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A Traffic Jam Theory of Recessions

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  • Jennifer La'O

    (University of Chicago)

Abstract

I construct a dynamic economy in which agents are interconnected: the output produced by one agent is the consumption good of another. I show that this economy can generate recessions which resemble traffic jams. At the micro level, each individual agent waits for his own income to increase before he increases his spending. However, his spending behavior affects the income of another agent. Thus, the spending behavior of agents during recessions resembles the stop-and-go behavior of vehicles during traffic jams. Furthermore, these traffic jam recessions are not caused by large aggregate shocks. Instead, in certain parts of the parameter space, a small pertubation or individual shock is amplified as its impact cascades from one agent to another. These dynamics eventually result in a stable recessionary equilibrium in which aggregate output, consumption, and employment remain low for many periods. Thus, much like in traffic james, agents cannot identify any large exogenous shock that caused the recession. Finally, I provide conditions under which these traffic jam recessions are most likely to occur.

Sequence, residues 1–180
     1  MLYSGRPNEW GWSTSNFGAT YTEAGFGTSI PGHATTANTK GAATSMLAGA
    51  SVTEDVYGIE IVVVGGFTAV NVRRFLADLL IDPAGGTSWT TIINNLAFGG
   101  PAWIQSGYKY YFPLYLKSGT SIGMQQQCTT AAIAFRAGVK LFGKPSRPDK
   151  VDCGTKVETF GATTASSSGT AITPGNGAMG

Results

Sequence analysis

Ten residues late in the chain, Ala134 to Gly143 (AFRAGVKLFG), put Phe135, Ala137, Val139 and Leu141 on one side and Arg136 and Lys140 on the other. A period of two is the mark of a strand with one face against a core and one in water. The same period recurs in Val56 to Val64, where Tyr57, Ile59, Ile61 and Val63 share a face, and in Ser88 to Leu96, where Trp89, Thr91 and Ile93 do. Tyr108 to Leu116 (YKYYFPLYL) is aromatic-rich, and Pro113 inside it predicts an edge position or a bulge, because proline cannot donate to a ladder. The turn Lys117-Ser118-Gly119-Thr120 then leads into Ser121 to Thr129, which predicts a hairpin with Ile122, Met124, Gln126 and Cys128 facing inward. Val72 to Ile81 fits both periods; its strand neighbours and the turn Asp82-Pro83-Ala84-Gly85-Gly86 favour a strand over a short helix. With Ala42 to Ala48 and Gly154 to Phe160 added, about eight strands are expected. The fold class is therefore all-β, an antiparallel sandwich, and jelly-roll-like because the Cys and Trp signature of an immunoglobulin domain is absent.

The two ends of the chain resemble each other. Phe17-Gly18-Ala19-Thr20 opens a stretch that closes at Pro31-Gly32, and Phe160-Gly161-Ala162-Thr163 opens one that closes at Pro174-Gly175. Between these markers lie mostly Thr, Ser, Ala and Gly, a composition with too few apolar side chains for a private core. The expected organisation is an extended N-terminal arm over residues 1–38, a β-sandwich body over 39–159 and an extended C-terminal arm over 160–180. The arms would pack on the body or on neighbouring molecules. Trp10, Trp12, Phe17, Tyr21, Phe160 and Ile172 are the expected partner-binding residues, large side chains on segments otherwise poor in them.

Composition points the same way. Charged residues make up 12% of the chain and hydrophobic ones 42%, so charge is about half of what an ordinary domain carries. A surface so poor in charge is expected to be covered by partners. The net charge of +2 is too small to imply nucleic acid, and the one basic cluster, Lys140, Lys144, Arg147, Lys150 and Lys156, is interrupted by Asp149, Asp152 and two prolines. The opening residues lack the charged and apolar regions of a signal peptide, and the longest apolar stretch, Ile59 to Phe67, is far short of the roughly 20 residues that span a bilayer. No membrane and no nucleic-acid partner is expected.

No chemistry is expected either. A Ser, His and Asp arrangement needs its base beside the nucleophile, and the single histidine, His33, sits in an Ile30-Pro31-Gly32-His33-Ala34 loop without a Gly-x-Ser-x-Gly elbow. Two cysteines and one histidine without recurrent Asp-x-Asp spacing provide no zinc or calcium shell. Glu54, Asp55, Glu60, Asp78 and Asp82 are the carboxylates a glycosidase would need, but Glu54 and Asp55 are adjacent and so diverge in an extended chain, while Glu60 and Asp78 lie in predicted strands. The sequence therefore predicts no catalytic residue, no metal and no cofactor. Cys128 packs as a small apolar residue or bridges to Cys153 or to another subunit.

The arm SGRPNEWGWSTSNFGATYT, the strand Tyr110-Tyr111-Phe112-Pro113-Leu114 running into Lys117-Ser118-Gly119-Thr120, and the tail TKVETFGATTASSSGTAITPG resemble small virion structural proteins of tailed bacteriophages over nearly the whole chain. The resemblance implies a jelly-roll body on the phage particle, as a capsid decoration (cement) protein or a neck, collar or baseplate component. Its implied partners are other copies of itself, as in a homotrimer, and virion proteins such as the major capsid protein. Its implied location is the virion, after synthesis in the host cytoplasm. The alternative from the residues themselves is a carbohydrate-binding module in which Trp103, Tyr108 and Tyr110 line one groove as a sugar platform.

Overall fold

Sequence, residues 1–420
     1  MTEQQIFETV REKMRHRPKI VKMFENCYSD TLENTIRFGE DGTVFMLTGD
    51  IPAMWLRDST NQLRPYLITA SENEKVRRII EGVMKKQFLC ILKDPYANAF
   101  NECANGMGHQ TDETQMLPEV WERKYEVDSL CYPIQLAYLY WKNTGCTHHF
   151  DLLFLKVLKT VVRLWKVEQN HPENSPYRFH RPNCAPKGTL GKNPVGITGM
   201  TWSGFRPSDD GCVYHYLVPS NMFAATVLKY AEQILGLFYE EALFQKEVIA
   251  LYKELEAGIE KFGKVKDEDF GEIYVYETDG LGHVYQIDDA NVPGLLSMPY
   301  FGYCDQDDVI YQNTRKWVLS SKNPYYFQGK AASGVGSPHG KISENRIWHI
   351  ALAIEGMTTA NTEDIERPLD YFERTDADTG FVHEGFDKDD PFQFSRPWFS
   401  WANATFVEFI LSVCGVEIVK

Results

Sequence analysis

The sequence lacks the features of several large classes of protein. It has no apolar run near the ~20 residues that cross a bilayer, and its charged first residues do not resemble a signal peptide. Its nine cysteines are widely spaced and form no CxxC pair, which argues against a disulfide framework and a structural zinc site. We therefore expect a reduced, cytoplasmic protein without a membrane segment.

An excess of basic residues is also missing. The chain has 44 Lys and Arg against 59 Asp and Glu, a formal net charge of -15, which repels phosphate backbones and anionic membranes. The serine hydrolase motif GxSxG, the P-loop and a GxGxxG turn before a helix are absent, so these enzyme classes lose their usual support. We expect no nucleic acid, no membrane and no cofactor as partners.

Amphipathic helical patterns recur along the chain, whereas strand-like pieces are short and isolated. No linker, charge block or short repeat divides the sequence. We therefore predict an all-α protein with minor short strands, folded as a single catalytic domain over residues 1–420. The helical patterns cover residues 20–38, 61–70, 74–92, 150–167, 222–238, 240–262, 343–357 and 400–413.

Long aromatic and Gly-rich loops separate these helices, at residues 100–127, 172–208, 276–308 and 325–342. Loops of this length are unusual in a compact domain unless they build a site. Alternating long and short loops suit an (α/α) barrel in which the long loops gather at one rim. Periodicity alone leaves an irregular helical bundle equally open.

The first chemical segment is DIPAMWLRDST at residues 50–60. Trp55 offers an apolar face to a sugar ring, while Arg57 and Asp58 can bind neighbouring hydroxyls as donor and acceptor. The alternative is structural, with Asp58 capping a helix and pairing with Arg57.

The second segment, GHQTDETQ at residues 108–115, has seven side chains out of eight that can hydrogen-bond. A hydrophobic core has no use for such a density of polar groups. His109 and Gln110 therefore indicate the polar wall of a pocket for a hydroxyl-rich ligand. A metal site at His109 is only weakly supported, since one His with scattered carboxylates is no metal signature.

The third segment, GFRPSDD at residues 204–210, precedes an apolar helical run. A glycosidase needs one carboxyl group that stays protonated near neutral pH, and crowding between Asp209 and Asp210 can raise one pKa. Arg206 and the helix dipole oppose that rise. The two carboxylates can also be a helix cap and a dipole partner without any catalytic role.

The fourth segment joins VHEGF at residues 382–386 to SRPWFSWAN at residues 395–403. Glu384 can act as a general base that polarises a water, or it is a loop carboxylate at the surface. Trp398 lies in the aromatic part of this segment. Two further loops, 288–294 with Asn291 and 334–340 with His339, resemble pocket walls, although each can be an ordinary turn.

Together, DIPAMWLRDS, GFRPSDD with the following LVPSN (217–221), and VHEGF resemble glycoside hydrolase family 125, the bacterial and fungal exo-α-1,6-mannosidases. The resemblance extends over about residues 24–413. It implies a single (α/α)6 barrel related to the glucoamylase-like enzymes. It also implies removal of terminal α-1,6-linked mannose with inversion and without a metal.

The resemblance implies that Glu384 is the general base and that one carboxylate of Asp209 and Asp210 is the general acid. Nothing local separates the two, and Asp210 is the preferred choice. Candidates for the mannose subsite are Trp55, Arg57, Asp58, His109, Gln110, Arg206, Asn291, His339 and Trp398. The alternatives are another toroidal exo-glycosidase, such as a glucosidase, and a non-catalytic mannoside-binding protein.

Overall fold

Suggested Citation

  • Jennifer La'O, 2013. "A Traffic Jam Theory of Recessions," 2013 Meeting Papers 412, Society for Economic Dynamics.
  • Handle: RePEc:red:sed013:412
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    File URL: https://economicdynamics.org/meetpapers/2013/paper_412.pdf
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    Cited by:

    1. Vasco M. Carvalho, 2014. "From Micro to Macro via Production Networks," Journal of Economic Perspectives, American Economic Association, vol. 28(4), pages 23-48, Fall.

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